19 August 2013
ByAppeared in BioNews 718
The bill's author, Susan Bonilla, said a lack of research into fertility was affecting thousands of women in California who face the decision of having to store their eggs for fertility reasons.
'Women should be very troubled that Governor Brown doesn't think they should be able to have a choice when it comes to their own eggs', she said.
'There's a deeper level in his veto statement that questions the ability of a woman to engage in informed consent and assess the risks for herself of this procedure', she added. 'It's regressive to woman's health, medical breakthroughs and the fertility issues that are so very important for a woman'.
California is one of three US states that does not allow women to sell their eggs for research - although they are allowed to sell to fertility clinics and can receive up to $10,000 per donation. Men are currently allowed to sell their sperm for research. The bill would have allowed egg donors to be 'compensated for their time, discomfort, and inconvenience in the same manner as other research subjects'.
However, Governor Jerry Brown said that 'in medical procedures of this kind, genuinely informed consent is difficult because the long-term risks are not adequately known'.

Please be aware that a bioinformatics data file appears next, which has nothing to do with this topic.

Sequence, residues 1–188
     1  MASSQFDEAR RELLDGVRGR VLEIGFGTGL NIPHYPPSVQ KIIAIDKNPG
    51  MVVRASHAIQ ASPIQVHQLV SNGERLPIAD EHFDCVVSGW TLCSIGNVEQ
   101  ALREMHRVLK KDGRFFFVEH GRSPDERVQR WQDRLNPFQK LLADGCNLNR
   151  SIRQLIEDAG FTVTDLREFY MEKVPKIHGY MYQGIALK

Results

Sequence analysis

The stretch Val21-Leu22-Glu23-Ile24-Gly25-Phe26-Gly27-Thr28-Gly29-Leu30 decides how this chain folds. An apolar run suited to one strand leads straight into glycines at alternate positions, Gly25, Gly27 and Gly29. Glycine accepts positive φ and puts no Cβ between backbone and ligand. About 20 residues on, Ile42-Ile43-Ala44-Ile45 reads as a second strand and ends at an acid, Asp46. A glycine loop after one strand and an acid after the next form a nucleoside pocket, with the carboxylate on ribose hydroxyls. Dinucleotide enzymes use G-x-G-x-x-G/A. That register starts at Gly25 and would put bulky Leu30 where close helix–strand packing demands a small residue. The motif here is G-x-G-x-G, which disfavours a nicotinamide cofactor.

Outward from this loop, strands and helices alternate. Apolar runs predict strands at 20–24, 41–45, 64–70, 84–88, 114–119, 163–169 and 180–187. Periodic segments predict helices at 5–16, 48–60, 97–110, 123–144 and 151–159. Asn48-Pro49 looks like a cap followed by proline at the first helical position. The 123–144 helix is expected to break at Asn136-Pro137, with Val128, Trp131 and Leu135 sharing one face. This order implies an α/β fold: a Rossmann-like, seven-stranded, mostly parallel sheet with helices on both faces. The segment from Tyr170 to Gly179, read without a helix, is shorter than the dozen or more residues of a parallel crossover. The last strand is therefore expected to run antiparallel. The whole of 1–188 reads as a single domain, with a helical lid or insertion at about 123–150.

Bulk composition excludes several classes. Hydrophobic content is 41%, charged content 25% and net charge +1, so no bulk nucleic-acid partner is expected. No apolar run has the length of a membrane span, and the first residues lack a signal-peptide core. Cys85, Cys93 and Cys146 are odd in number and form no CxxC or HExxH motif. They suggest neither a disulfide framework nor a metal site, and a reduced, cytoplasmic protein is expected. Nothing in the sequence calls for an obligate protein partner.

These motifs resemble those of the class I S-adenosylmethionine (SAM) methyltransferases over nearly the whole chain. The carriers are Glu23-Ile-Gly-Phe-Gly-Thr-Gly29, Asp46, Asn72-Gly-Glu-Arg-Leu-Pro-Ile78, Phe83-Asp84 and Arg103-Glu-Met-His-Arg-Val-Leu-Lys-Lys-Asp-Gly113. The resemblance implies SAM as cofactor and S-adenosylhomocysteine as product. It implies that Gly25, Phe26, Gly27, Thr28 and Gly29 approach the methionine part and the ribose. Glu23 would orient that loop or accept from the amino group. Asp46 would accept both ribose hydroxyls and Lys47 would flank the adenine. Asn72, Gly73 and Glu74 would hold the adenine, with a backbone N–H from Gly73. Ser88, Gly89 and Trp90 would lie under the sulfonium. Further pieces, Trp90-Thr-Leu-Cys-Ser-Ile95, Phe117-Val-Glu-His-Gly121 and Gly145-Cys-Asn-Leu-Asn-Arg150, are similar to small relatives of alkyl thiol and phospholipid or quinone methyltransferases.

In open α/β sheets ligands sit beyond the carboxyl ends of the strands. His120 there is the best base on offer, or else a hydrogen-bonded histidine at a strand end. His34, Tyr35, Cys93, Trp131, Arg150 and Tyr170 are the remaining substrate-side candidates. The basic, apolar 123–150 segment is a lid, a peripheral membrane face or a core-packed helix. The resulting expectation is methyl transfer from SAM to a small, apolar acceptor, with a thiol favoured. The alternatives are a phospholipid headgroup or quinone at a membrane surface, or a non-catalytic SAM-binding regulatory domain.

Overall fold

Professor Mark Sauer, chief of reproductive endocrinology at Columbia University Medical Center, New York, said that the risk to the donor was an 'acceptable risk'. '[Egg retrieval] is a 35-year-old medical procedure, and the safety track record is well-defined', he said.
Governor Brown said 'the questions raised here are not simple, they touch matters that are both personal and philosophical'.
'Not everything in life is for sale and nor should it be', he wrote in his veto message to the California State Assembly.
The ban on women selling their eggs for research was introduced in 2006 following a 2004 $3 billion stem cell initiative that created the California Institute for Regenerative Medicine (CIRM), which provides grants to scientists working in stem cell research and regenerative medicine.
Bonilla's bill, AB 926, would have only permitted women to donate their eggs to research into infertility and contraception, however. Donating eggs for research funded by CIRM would have remained unlawful, explains the Huffington Post, Los Angeles.
The bill was passed by the California Senate in July and the Assembly in August. Bonilla said she may reintroduce the bill next year.